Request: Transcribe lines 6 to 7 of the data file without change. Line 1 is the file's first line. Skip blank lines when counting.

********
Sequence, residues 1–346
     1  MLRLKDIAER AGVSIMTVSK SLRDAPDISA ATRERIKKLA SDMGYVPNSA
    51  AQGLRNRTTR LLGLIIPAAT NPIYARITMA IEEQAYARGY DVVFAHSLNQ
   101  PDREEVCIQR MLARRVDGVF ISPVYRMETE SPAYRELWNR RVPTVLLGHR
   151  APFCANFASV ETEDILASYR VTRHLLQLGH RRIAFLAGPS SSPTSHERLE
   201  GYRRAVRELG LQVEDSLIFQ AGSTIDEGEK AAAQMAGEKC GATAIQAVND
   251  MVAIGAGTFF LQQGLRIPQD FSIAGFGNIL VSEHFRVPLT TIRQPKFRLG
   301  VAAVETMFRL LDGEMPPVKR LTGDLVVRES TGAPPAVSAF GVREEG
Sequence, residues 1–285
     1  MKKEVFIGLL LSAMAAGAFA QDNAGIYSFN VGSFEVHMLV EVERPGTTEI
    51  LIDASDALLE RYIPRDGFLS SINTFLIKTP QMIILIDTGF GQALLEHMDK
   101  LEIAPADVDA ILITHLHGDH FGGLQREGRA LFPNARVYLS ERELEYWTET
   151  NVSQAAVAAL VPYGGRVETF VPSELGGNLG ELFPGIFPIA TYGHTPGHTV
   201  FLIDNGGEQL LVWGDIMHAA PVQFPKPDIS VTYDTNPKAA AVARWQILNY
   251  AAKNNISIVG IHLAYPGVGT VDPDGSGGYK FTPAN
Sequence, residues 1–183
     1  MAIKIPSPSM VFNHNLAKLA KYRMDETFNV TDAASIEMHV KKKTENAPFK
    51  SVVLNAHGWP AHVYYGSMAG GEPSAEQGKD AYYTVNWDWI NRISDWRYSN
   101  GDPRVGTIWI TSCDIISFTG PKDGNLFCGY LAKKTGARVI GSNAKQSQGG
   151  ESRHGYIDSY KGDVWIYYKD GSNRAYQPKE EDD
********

   201  GYRRAVRELG LQVEDSLIFQ AGSTIDEGEK AAAQMAGEKC GATAIQAVND
   251  MVAIGAGTFF LQQGLRIPQD FSIAGFGNIL VSEHFRVPLT TIRQPKFRLG